Plant Based Diets

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Vegan, Vegetarian, Flexitarian, Pescatarian & Macrobiotic DIETS

As a food consultant and nutritionist focusing on plant based diets, I’m delving into the world of all things foodie as I provide a simple low down on the various different types of plant based diets. Maybe you are already following one of them, or maybe you’re considering making a change to the way you approach food in your daily life? Whatever your reasons, I’m here to help you along your journey.

Vegan

Veganism is a type of vegetarian diet that excludes meat, eggs, dairy products and all other animal-derived ingredients. Many vegans also do not eat foods that are processed using animal products, such as refined white sugar and some wines. The term vegan refers to either a person who follows this way of eating, or to the diet itself. The word vegan can be an adjective used to describe a food item, as in, “This curry is veganor, it can be used as a noun, as in, “Vegans like cakes, too.”

Vegans do not eat meat of any kind and also do not eat eggs, dairy products, or processed foods containing these or other animal-derived ingredients such as gelatin (as opposed who vegetarians, who typically eat dairy products and eggs). Many vegans also refrain from eating foods that are made using animal products that may not contain animal products in the finished process, such as sugar and some wines. There is some debate as to whether certain foods, such as honey, fit into a vegan diet.

Image from Rise of the Vegan

Image from Rise of the Vegan

Vegetarian

When most people think of vegetarians, they think of lacto-ovo-vegetarians: People who do not eat beef, pork, poultry, fish, shellfish, insects or animal flesh of any kind, but do eat eggs and dairy products are lacto-ovo vegetarians (“lacto” comes from the Latin for milk, and “ovo” for egg). This is the most common type of vegetarian.

Lacto-vegetarian is used to describe a type of vegetarian who does not eat eggs, but does eat dairy products.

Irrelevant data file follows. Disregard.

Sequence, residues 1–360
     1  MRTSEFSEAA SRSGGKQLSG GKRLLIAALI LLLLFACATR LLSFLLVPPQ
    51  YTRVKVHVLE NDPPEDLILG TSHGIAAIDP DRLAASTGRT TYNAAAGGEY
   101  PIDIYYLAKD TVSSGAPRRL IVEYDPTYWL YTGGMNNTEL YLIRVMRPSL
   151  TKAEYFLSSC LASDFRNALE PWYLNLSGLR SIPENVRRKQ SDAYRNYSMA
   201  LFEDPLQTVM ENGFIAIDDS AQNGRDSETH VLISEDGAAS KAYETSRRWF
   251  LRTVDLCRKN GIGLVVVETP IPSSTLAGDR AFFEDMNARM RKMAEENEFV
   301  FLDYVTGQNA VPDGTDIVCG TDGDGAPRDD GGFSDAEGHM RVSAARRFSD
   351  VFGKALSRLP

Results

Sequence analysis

Ovo-vegetarian refers to people who do not eat meat or dairy products but do eat eggs.

Lacto-ovo vegetarian, that is, a vegetarian who eats both eggs and dairy products, is the most common kind of vegetarian.

Image from The Conversation

Image from The Conversation

Flexitarian

“Flexitarian” is a term recently coined to describe those who eat a mostly vegetarian diet, but occasionally eat meat. Many people who call themselves “flexitarian” or “semi-vegetarian” have given up red meat for health reasons while others, for environmental reasons, only eat free-range or organic animals and animal products.

Flexitarian is about adding new foods to your diet as opposed to excluding any, which can be extremely beneficial for health. These plant-based foods include lentils, beans, peas, nuts and seeds, all excellent in protein!

Image from BBC Good Food

Image from BBC Good Food

Microbiotic

The macrobiotic diet, revered by some for its healthy and healing qualities, includes unprocessed vegan foods, such as whole grains, fruits and vegetables, and allows the occasional consumption of fish. Sugar and refined oils are avoided. Perhaps the most unique qualifier of the macrobiotic diet is its emphasis on the consumption of Asian vegetables, and sea vegetables, such as seaweed.

Image from BBC Good Food

Image from BBC Good Food

Pescatarian

The word “pescatarian” is used to describe those who steer clear from eating all meat and animal flesh with the exception of fish. Although the word is not commonly used, more and more people are adopting this kind of diet, usually for health reasons or as a stepping stone to a fully vegetarian diet.

Image from Bio TRUST

Image from Bio TRUST